By SUE SUCHYTA
DEARBORN – Select local restaurants will soon have the option of expanded outdoor seating, thanks to the creation of an Outdoor Seating Platform Program passed at the April 27 City Council meeting.
The resolution, which targets four specific retail areas, takes effect immediately and runs through Oct. 31 in designated secondary streets parking spots adjacent to the restaurants affected.
City Council President Susan Dabaja said the Downtown Development Authority requested that the city council approve the conversion of parking spaces to platform dining in four areas, as part of a pilot project.
The locations include the west side of Monroe Street, north of Michigan Avenue, adjacent to and in partnership with Noah’s Smokehouse, and Cannoli Pastry; the west side of Monroe Street, south of Michigan Avenue, adjacent to and in partnership with the Great Commoner, a boutique break café; the east side of Howard Street, south of Michigan Avenue, adjacent to and in partnership with La Fork, serving poutine, crepes and salads; and the west side of Williamson Street, south of Michigan Avenue, adjacent to and in partnership with Zo’s Good Burger.
“This is an opportunity to support and grow the outdoor dining environment in Dearborn’s downtown, and to create a more walkable and vibrant downtown experience,” Dabaja said. “The DDA is supporting this effort by investing in the platforms, protective bumpers and planter borders, installation and removal, and platform maintenance.”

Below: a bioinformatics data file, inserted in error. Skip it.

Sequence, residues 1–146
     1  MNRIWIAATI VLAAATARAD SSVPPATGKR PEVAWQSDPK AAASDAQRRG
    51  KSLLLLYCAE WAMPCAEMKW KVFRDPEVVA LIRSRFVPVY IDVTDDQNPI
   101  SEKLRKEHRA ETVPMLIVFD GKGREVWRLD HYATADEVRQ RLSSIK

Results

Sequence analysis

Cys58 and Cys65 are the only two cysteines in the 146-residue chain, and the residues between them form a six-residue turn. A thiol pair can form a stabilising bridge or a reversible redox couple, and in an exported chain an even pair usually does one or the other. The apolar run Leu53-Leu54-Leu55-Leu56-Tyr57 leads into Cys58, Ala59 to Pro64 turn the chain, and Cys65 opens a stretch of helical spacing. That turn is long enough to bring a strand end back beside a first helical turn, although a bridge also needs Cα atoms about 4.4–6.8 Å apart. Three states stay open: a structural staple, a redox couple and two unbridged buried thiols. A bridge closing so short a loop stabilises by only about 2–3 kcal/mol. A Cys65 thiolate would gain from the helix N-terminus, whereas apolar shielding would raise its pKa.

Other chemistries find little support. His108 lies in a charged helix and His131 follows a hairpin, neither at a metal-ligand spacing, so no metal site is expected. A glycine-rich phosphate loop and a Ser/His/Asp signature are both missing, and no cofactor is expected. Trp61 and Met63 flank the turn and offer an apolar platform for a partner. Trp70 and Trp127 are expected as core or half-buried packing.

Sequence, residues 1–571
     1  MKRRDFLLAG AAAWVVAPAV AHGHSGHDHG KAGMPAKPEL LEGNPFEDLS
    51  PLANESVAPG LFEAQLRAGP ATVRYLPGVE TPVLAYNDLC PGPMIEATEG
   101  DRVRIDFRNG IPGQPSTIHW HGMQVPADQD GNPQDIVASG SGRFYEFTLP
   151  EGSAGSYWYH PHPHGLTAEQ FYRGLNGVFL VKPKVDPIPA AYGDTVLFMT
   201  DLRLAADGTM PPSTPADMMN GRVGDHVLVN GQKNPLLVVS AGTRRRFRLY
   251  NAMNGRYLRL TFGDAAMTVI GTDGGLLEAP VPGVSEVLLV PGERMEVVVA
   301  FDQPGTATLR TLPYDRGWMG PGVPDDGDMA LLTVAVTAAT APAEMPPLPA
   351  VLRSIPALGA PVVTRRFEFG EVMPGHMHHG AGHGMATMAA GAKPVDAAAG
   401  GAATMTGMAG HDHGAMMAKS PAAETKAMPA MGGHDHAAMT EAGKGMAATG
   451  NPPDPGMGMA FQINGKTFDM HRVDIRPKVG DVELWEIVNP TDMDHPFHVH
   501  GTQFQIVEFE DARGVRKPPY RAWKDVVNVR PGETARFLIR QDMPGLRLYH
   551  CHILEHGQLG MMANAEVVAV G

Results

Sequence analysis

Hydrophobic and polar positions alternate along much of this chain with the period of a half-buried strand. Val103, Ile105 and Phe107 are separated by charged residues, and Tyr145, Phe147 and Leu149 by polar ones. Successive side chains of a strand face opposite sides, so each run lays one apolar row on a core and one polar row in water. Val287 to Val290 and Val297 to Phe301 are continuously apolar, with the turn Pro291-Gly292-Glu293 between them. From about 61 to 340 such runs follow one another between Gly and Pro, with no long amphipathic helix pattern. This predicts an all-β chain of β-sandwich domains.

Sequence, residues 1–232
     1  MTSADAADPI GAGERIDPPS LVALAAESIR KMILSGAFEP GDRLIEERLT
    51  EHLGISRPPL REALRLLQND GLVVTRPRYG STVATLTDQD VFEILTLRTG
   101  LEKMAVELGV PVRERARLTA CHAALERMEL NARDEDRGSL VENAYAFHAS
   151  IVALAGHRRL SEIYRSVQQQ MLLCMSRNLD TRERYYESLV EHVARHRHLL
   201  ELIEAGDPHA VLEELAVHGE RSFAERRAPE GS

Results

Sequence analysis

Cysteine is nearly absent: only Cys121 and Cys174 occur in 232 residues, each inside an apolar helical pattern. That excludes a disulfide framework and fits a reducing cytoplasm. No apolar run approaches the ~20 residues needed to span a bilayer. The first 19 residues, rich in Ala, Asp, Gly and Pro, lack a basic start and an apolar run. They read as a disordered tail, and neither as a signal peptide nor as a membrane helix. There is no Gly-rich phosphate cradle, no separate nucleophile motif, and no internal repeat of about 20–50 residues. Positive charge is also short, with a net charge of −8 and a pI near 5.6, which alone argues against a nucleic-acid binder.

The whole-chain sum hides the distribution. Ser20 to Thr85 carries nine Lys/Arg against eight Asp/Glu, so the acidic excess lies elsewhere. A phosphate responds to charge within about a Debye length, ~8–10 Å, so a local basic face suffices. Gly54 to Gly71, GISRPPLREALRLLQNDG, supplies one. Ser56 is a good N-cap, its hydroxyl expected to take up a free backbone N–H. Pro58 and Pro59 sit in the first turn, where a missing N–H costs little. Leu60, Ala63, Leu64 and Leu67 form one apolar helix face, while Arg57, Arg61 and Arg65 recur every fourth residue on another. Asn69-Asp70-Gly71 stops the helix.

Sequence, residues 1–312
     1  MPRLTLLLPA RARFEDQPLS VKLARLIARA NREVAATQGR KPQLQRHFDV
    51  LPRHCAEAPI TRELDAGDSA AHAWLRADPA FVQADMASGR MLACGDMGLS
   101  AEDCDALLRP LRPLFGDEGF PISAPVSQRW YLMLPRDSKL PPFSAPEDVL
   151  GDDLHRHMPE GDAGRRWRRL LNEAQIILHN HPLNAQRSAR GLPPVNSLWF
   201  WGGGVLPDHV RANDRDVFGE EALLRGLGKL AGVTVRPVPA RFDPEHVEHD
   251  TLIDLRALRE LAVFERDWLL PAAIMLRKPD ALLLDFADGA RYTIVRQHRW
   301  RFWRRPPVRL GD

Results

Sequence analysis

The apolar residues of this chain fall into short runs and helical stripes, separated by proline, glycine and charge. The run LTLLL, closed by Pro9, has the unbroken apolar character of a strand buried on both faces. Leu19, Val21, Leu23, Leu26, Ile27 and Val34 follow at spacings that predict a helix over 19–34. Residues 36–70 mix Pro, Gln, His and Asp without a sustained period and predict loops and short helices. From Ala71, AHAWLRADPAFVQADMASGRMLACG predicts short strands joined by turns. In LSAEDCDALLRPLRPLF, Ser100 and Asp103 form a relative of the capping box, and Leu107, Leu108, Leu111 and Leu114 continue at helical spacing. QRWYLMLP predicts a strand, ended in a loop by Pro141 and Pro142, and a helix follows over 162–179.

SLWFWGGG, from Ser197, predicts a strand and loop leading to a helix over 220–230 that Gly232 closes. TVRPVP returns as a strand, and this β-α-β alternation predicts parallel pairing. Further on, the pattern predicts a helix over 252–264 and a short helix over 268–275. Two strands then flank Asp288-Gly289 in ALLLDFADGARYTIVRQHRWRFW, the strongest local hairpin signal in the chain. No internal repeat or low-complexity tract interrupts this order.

She said the adjacent restaurants are required to provide the seating and amenities, liability insurance, daily maintenance and outdoor café management of the spaces.
Dabaja said a city of Dearborn outdoor permit will be required for each business, as well as a license agreement with the DDA for the platform provided.
“I think this is a great start,” she said. “We can see how these four parking spots serve as a pilot program, and maybe this will call for an expansion of it.”
Chief of Staff Mark Guido said at the April 20 Mayor’s Briefing that the businesses are very interested in doing this.
“Each of these areas will require taking up two spaces,” he said. “This is a chance to really grow the outdoor dining environment in Dearborn.”
Guido said other local cities, including Milford, have successfully implemented outdoor platform seating in parking spaces.
“Again, this is not a ‘we’ll build it and they’ll come,’” he said. “We have interest, and we will know people are committed, and then we will move forward once we have those commitments in place.”
Guido said that given the nature of Michigan Avenue, which he characterized as “relatively hostile,” the activation of side streets for outdoor dining will communicate a “lively, pedestrian environment,” which he said people enjoy.
Councilman Robert Abraham asked Guido during the briefing if the outdoor dining could eventually become covered and permanent.
Guido said the original intention was seasonal.
“Obviously, you are taking up some parking spaces, so we have to look at how it impacts parking and circulation around each of these areas, but if that’s not an issue, then I think a covering is something we should discuss,” he said.
Abraham said that, with restaurants being hard hit by the pandemic, parking becomes less of a concern than table seating.
“I can tell you, first-hand, restaurant owners will give up parking for seating right now, and leave it to the customers to find places to park,” he said. “Although we do have to be sensitive to the influx of traffic and parking into the residential neighborhoods, and make sure we don’t solve a problem and create a different problem.”